We do microeconomics too! From the current Farmers Journal, and apologies for the length:
Small countries can do little unilaterally to combat climate change. The planet has just one atmosphere, and every tonne of carbon dioxide, or of the other greenhouse gases, released into the atmosphere has an identical impact. It does not matter where in the world each tonne is emitted. For every tonne emitted in Ireland, about 500 tonnes are emitted somewhere else. If Ireland somehow managed to cut emissions to zero, the fate of the earth’s climate would barely be affected. The problem is global of its very nature and requires global solutions. Every country needs to accept its international obligations and indeed to encourage international agreement on faster action. But solo-runs by individual small countries aiming for very rapid emission reductions make no sense, achieve nothing environmentally but could impose serious economic costs.
Ireland has been pursuing very ambitious targets for emission reduction going beyond our international obligations, despite a sharp reduction in the measured output of greenhouse gases in 2009 consequent on the economic downturn. The 2010 figures are not yet available but chances are that emissions fell again and could remain flat until the economy begins to recover. Under current policy Ireland has been aiming for a major switch to wind-powered electricity, more bio-fuel in transport, electric cars and a long list of other emission-reducing initiatives. All of them will cost money and the overall policy pre-dates the onset of the Irish economic collapse. It is not surprising that the new government is being advised from several quarters to re-visit our emission-reduction targets, specifically to take the downturn into account and to see if excessive costs can be avoided.
A report earlier this year from the Irish Academy of Engineering argued that electricity generating capacity is no longer under pressure: reduced demand is being met comfortably given the availability of several new gas-fired plants and there is less urgency about building extra generation, at least for the next five or ten years. The report also questioned the haste in expanding the transmission system. More recently, the Economic and Social Research Institute has argued against subsidies for offshore wind projects and for reduced wind subsidies onshore. Finally the review group on State assets, as well as proposing structural changes to the electricity industry and partial privatisation, also warned against too rapid a rush into wind generation.
Wind power offers the advantages of zero carbon emissions and low operating costs. But these must be set against some significant drawbacks. Wind generators can be relied on to produce power only about one hour in three over a year, and those productive hours are unpredictable. So conventional capacity has to be kept in reserve for the periods when the wind does not blow. These stations will be utilised less than optimally and this is a hidden cost of wind generation. The dispersed wind units also need extensive investments in grid connections and a strengthened transmission system, so wind is by no means free at the system level. Any country which over-builds wind generators runs the risk of ending up with expensive electricity. It is a tribute to the lobbying efforts of the wind industry over the years that these limits to the attractions of wind-power are only now receiving attention. The challenge to policy is to incentivise wind only up to the point where it makes economic sense, having made due allowance for wind’s contribution to the reduction of carbon and other greenhouse gas emissions.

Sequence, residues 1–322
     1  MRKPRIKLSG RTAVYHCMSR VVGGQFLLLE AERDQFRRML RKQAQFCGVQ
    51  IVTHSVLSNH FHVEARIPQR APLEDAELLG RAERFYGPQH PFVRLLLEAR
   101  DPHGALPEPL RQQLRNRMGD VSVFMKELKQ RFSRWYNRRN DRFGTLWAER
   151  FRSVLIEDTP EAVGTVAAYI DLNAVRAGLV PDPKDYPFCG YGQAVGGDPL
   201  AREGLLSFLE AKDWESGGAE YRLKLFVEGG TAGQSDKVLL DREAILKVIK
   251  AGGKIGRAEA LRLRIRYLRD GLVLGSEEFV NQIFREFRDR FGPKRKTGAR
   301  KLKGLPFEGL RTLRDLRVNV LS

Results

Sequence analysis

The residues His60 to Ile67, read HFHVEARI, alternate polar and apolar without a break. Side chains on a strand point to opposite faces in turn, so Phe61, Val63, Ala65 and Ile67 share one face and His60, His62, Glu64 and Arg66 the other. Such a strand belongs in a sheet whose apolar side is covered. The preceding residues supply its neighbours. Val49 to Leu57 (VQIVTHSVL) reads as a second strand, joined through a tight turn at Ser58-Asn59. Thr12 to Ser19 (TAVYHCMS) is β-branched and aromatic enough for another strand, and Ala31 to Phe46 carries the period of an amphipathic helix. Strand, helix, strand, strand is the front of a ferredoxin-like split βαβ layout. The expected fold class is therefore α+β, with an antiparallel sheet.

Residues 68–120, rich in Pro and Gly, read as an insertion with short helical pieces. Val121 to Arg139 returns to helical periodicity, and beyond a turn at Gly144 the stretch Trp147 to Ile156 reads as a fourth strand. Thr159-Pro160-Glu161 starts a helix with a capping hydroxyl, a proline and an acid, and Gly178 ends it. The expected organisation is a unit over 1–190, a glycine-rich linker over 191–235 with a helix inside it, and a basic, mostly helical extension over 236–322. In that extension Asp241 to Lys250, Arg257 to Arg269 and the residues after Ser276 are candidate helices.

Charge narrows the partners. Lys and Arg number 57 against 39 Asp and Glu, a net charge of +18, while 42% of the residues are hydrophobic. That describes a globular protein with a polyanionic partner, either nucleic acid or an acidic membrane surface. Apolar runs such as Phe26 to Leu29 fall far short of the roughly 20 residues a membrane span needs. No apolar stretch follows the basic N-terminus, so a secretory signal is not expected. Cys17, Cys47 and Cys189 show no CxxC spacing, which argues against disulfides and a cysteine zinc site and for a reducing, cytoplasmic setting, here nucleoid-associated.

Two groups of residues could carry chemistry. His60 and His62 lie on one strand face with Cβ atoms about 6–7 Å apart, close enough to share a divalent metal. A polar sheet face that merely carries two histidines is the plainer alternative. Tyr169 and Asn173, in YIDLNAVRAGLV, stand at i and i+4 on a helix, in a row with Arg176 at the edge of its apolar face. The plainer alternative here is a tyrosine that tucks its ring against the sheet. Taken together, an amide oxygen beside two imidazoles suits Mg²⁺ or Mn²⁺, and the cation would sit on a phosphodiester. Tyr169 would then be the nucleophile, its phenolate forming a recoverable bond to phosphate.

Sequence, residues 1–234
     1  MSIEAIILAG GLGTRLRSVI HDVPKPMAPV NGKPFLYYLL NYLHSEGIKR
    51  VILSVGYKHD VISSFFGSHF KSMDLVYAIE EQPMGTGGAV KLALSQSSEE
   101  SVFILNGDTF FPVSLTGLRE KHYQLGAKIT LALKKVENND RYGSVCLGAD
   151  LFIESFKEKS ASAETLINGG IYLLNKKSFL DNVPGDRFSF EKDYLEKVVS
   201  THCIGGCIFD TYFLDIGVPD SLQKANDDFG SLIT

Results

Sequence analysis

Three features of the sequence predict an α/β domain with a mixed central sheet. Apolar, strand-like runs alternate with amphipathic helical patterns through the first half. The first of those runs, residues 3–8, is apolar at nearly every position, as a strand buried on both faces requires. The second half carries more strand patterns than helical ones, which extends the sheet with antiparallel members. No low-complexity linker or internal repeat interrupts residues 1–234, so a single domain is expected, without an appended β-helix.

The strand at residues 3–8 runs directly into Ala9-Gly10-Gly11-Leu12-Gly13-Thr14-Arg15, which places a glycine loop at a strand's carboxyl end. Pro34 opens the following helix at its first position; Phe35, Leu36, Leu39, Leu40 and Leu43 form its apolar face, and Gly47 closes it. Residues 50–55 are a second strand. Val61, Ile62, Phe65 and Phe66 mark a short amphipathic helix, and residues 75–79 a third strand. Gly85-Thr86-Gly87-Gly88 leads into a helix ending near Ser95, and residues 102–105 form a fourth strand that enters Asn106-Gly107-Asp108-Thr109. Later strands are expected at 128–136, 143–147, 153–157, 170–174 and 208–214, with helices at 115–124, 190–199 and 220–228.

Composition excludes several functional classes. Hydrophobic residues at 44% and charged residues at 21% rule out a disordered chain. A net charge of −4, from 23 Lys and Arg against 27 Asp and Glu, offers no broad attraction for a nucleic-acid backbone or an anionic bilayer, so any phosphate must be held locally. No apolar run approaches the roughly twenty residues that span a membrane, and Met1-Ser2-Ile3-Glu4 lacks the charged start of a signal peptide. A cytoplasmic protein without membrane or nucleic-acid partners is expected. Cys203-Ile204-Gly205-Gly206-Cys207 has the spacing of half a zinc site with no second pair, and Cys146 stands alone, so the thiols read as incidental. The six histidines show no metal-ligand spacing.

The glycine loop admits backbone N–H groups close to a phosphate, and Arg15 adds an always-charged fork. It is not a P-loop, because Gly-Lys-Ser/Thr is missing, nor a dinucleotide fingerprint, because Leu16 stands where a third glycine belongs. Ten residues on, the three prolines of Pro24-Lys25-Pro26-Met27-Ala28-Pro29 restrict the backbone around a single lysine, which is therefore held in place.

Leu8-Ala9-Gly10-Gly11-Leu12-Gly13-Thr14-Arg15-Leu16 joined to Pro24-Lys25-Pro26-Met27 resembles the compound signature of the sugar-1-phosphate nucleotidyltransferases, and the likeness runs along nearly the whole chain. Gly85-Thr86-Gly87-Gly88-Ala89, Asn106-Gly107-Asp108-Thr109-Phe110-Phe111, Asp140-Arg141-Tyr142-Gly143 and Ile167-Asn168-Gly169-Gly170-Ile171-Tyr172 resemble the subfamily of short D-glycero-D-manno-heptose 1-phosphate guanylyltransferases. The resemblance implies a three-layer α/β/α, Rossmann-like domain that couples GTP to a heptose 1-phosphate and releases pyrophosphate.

The likely cost of natural gas is also a key factor. Carbon emissions from oil, peat and coal stations are much higher than emissions from gas, and it is unlikely that power stations using high-emission fuels will be constructed on any large scale in Europe.
Coal is a major fuel for power stations around the world and seems to be in plentiful supply. But emissions per unit of electricity can be almost double the emissions from gas, so gas is attractive provided its cost proves to be containable. Prospects for gas availability have improved in recent years with the exploitation of shale-gas reserves in North America, which has released Arabian Gulf supplies to the European market and has given rise to expectations that gas prices into the medium-term will not rise as rapidly as oil.
It is remarkable that the production of gas from the Corrib field off Mayo is now ten years behind the original schedule. Corrib is only the second worthwhile oil or gas discovery in Ireland’s disappointing exploration history. The first was the Kinsale Head field off Cork, which went into production over thirty years ago and is now depleted. There are legitimate grounds for optimism that further gas discoveries are possible offshore Ireland but the carry-on in Mayo hardly provides an incentive for the exploration companies.